What’s the best translation of The Nine Cloud Dream?

I’ve now read this book three times. I’ve read the 2019 Fenkl translation twice and the 1922 Gale translation once. I haven’t read the out-of-print 1974 Rutt translation. The Fenkl translation is more faithful to the original text, but the Gale translation is okay. For more information on all three translations, visit We Love Translations: World Literature in English:

» What’s the best translation of The Nine Cloud Dream?

See below for a list of characters in The Nine Cloud Dream.

I’ve given the character names as spelled by Fenkl and Gale and also the English meanings as given by Fenkl and Gale. Fenkl uses Chinese-style names using archaic-feel Wade-Giles romanization and Gale uses Korean-style names mixed with English names. I’m pretty sure Fenkl is using the same names that Rutt used.

(Scholars have determined that the original was written in classical Chinese, not Korean Hangul, but I think Gale was using a Hangul source text.)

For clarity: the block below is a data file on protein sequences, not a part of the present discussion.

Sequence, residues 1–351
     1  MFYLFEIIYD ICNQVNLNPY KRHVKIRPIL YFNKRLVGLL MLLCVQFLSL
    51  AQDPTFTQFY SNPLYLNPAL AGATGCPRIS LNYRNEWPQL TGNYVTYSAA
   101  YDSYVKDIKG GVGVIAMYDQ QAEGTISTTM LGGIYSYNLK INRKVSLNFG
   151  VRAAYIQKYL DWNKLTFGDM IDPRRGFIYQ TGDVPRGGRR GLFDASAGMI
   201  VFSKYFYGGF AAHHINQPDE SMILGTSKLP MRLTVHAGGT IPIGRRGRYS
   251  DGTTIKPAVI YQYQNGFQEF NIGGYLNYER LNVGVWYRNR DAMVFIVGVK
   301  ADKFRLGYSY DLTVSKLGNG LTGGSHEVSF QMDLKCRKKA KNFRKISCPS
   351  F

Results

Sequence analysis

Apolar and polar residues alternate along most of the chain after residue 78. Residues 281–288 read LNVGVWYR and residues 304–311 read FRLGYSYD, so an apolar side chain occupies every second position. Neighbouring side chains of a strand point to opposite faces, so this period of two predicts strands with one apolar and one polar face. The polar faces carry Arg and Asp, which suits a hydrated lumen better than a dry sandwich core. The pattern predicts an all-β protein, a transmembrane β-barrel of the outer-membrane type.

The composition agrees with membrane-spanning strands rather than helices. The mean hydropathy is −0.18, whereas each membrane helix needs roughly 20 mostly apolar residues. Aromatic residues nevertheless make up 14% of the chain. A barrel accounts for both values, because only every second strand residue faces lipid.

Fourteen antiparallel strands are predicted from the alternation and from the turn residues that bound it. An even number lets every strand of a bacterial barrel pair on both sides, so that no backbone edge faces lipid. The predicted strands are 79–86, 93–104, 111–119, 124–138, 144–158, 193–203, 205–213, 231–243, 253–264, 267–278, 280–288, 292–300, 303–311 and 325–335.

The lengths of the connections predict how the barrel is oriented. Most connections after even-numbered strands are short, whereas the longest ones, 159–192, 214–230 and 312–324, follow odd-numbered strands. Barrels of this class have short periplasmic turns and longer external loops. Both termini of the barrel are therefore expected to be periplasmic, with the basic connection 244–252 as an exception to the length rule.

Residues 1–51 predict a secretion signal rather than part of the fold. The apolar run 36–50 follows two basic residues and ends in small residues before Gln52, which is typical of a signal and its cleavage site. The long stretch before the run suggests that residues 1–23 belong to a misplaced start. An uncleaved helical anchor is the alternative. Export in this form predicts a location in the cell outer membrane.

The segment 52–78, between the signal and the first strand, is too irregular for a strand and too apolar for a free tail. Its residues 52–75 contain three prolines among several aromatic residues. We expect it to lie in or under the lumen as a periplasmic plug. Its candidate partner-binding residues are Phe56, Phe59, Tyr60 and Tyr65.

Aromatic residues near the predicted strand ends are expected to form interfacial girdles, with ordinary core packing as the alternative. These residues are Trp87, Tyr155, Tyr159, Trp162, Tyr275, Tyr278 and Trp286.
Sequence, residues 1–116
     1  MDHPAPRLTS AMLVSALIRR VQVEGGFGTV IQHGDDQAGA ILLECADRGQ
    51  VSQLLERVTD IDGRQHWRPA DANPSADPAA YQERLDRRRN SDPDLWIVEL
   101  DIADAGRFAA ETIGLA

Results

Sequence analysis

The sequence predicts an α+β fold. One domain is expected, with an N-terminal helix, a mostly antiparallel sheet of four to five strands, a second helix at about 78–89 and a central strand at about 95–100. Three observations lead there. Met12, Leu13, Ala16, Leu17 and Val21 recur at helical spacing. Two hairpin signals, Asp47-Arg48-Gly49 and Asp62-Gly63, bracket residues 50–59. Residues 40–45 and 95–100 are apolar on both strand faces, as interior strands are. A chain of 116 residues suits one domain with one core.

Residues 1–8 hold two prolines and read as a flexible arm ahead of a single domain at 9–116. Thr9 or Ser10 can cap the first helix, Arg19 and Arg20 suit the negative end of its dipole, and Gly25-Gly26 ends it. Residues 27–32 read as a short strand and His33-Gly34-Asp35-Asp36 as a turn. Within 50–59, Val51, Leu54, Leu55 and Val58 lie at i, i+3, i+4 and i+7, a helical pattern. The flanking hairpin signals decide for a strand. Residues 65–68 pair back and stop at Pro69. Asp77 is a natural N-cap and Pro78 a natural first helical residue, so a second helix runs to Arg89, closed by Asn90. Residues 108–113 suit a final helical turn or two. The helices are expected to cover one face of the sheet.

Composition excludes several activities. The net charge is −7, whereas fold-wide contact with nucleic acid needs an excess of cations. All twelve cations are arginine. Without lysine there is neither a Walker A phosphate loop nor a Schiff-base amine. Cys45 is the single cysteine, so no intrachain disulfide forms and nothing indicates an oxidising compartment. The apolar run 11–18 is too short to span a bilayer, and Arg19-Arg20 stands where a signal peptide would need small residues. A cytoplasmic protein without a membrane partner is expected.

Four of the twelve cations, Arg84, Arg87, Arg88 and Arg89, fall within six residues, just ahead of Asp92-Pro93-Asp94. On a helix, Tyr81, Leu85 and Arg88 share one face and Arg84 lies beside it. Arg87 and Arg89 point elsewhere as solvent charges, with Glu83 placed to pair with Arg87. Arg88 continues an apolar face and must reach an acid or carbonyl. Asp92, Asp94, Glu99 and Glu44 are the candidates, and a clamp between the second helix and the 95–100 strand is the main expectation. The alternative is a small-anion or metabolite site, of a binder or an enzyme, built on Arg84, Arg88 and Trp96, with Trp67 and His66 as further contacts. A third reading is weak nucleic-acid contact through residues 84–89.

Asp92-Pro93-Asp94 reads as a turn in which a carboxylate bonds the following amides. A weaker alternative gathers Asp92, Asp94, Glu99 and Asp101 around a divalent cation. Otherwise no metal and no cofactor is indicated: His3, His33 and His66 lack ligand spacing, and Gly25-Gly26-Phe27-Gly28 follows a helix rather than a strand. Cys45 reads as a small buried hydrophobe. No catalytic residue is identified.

Beware spoilers! Knowing who the characters are is a bit like knowing the plot.

Continue reading What’s the best translation of The Nine Cloud Dream?


When I spotted this Korean drink called baekseju (百歲酒) on the menu at the very excellent and formerly close to my house Jang Won Korean Restaurant, I thought it might be a version of the famous Chinese alcohol called báijiǔ (白酒), which is sometimes called ‘white wine’—though not by anybody who’s ever had any.

Nope. The Chinese word bái (白) is ‘white’ and the Chinese word bǎi () is ‘hundred’.

Silly ang moh, those are obviously two totally different words.



Wait, hang on, that text on the Korean menu looks, um, rather similar to what’s currently on Wikipedia…

I didn’t photograph the whole menu page, though, so it’s not clear whether those prices are subjected to service charge and tax.